Just make sure, the kids do not use too much. The piles of salt or the puddles of lemon juice sound like a good idea but they can destroy even the thickest watercolor paper.
If you are up to it, you can even fill the whole page with only one color, add a little painted (and cut out) penguin in a cute sweater and you have a South Pole scene that is refrigerator-worthy. Learn more in our January 2015 issue (coming out early next week).
What is a line? It is a dot that went for a walk.
Today we talked about Enrico Arno, a graphic designer who created beautiful little book – with lines only. We used it as our inspiration. We talked about different lines we could you and the different holidays we celebrate. From Christmas to Hanukkah and Kwanzaa, we had a lot of creativity going.
We learned that lines can be used to create patterns, shapes or words… and that lines can be short, long, zig-zag, curly, vertical, etc.
Then we used all of them in the art. Funny thing was that some kids seemed to color in the shapes. But as I looked closely, I noticed they did not color them in – they carefully and slowly drew lines next to each other – so close, they touched.
Aren’t these festive?
Have you ever tried using alcohol inks before? I love it, especially in the holiday time. It is so easy that it is an awesome project even for toddlers (if you are ok with their hands being colorful for a couple of days).
You just need some alcohol inks and a blending solution.
Then you just put a little blending solution onto the ornament (or a tile, like we did later) and start dropping the inks onto the ornament. The more blending solution you use, the more the inks will blend into each other (and the more space they will cover).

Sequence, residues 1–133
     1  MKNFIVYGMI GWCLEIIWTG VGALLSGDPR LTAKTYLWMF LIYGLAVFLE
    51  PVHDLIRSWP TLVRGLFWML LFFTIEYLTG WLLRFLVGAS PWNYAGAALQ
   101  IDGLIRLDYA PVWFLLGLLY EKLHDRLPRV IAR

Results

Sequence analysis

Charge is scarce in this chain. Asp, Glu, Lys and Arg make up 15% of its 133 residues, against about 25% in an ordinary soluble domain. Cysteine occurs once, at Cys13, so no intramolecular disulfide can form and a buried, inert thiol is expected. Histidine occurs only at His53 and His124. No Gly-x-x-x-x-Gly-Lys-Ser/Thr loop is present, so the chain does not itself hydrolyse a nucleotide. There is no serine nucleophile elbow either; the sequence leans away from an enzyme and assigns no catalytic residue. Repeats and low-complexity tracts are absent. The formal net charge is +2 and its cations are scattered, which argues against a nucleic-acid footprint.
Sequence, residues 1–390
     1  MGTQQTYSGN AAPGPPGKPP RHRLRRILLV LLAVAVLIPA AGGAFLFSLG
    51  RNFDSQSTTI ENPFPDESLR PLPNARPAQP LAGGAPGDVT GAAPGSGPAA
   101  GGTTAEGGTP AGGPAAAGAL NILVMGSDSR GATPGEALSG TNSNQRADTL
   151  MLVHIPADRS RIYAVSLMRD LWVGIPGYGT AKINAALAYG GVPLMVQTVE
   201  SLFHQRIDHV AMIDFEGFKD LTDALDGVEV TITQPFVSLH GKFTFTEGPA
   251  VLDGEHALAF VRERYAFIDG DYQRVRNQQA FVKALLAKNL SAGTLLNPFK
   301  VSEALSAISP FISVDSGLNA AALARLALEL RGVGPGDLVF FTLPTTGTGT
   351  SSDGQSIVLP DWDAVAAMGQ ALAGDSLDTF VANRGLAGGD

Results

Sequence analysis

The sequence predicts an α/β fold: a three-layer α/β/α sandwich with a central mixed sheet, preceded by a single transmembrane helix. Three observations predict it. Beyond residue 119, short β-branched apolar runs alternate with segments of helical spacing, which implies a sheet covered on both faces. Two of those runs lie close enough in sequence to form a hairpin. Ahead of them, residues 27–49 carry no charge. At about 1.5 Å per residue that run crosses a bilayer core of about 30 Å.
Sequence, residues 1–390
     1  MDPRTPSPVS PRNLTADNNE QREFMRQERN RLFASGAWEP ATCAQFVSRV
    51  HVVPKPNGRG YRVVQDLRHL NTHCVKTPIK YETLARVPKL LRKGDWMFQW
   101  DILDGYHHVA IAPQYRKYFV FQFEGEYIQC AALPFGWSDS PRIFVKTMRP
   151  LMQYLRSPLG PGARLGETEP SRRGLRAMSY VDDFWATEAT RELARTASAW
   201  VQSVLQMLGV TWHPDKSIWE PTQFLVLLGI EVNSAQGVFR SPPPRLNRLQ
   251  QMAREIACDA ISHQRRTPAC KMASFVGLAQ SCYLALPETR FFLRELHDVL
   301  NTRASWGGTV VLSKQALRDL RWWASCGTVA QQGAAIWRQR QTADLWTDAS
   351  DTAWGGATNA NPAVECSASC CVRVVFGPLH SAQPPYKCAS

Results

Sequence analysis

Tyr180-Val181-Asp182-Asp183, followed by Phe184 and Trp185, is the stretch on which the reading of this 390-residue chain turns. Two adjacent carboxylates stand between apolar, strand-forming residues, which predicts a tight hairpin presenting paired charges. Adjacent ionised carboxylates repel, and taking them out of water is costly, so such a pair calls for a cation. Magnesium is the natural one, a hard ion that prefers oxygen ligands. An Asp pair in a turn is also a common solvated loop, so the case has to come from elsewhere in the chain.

It truly is that simple!
Once it dries, it can be washed and it stays on. Just do not put anything edible on it.
We even made some coasters out of 16-cent tiles. We just glued some felt underneath and made a fun holiday-gift for kids’ teachers and parents in under 5 minutes and $1.
YAY! Our new website has launched! We have worked on it for a while now and I cannot even tell you how excited I am that it is launched and done!
Anyway, I’d love to show you how it looks! And what better way to look at our magazine, video trainings and presentations than to give you free access to at least one issue. Here it is.
It is filled with pages of art projects for kids 5-10 years old.
I chose one of my favorite issues of the magazine. I just love Paul Cézanne. Check it out, maybe you will fall for his apple paintings as well. For me, it is always about the back story… did you know, why he painted over 200 paintings of the apples for 30 years? You will know it in a minute…
Just click this link and let me know what you think: https://artreekids.com/magazine/issues/2014/11/
Do not forget to check out the ‘see training materials’ to access videos, presentations and more.